(read the rest of this post at the Nieman Journalism Lab blog)
I’m on vacation at the moment, so blog posts — which have been all too infrequent of late — are likely to be even more infrequent, and may contain pictures of beaches and other non-work related content. In the interim, I’ve embedded in this post a clip of my recent appearance on The Agenda, the excellent TVO show hosted by Steve Paikin and produced by Mike Miner. I was joined by Anthony Williams, co-author with Don Tapscott of the recent book Wikinomics; Leslie Harris of the Center for Democracy and Government in Washington and Maryantonett Flumian, a former deputy minister with the federal government who now teaches public and international affairs at the University of Ottawa. We talked about governmental transparency, and whether governments both north and south of the border will be able to follow through on the promise of greater interactivity that the Obama campaign brought with it.
A column by Judith Timson in the Globe and Mail this week got me thinking again (not like I ever really stop) about comments on blogs and news stories and other places, and the value that they bring. Judith’s column was in many ways a lament for the death of civilized discourse, and a criticism of the no-holds-barred comments that appear at many media sites — including the Globe’s. Not surprisingly, she mentioned the book Snark, by David Denby, which is concerned with the same decline-of-civilization-as-we-know-it kind of argument. As you’ve probably guessed already, I disagree with that view.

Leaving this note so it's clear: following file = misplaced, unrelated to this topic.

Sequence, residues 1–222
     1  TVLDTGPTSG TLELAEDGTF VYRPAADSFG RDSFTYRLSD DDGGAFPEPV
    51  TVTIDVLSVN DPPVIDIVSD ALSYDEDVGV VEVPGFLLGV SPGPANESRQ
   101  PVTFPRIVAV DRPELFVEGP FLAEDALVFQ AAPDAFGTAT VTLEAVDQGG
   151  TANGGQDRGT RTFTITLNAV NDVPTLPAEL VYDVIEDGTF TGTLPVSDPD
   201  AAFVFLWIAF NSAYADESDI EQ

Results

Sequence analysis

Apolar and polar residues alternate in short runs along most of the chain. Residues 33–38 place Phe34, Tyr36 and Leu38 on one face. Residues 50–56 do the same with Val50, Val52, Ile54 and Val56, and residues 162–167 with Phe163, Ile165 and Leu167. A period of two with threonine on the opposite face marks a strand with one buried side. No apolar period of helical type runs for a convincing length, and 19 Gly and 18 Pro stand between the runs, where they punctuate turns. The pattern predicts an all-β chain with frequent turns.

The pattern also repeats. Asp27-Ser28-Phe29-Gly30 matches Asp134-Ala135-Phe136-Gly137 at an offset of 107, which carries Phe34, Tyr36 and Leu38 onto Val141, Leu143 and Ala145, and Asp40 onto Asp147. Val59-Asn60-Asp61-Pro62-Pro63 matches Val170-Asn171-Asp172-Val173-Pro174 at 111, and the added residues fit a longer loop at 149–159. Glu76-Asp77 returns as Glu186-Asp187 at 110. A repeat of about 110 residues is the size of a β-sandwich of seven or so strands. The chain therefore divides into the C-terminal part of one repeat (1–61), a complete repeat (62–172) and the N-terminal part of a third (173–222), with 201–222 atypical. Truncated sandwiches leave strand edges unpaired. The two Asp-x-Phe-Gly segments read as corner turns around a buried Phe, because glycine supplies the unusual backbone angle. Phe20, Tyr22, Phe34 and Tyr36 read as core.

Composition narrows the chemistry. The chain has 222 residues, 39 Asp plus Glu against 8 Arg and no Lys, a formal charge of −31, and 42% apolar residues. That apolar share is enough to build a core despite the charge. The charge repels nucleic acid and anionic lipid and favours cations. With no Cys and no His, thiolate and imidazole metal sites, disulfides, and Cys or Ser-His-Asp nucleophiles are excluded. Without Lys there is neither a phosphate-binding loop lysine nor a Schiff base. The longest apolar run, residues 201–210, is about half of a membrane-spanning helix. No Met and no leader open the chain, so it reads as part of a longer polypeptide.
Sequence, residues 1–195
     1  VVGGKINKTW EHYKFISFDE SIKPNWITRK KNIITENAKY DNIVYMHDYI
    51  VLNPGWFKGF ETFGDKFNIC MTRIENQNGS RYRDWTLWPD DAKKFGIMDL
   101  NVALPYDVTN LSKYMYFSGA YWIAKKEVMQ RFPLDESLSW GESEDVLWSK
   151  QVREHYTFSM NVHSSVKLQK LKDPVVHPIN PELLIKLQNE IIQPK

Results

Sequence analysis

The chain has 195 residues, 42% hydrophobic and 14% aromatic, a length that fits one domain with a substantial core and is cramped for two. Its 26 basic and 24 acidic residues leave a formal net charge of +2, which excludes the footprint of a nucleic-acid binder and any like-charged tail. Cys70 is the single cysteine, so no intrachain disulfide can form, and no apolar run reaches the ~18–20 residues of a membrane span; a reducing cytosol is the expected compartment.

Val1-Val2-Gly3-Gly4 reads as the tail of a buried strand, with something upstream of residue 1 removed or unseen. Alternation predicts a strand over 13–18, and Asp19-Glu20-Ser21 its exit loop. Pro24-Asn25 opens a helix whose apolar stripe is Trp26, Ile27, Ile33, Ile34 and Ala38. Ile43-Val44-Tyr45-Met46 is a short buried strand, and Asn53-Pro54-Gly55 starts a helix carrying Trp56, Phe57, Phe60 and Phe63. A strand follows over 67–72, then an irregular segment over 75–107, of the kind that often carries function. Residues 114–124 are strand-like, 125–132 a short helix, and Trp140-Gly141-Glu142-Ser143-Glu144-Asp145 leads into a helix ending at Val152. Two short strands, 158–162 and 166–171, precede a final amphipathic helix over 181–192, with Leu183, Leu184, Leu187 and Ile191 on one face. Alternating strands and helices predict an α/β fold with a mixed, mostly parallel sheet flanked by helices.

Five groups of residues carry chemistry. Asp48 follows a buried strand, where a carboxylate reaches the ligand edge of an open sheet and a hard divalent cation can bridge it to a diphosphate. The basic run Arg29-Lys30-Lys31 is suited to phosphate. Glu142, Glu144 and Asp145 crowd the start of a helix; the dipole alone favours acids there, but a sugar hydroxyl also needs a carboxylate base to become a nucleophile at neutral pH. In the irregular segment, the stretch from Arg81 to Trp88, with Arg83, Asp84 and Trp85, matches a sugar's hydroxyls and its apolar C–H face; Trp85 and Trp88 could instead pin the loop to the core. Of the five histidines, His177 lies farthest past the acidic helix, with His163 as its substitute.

In many ways, comments are like version 1.0 of community — the lowest common denominator of community, at least for a mainstream media site like the Globe’s. You can post a comment, never really engage with anyone, say whatever you want and not have to reap the consequences (at least with an anonymous system like we have, which I have defended before for a variety of reasons), and so on.
I would be the first to admit that our comments don’t always achieve the level of discourse that I — and the Globe as a whole — would like them to. We get a lot of “drive-bys,” as I like to call them, in which people just spray-paint offensive comments or insults directed at the subjects of a particular story, or in many cases the writers. We are working on ways of dealing with that kind of thing (as I’ve described in previous posts on the subject), including comment voting and other “reputation management” tools that I hope will allow our community of readers to promote the positive and de-emphasize the negative. But I think there is an important principle attached to having comments, and not just having them but actively engaging with readers who make honest and well-intentioned comments.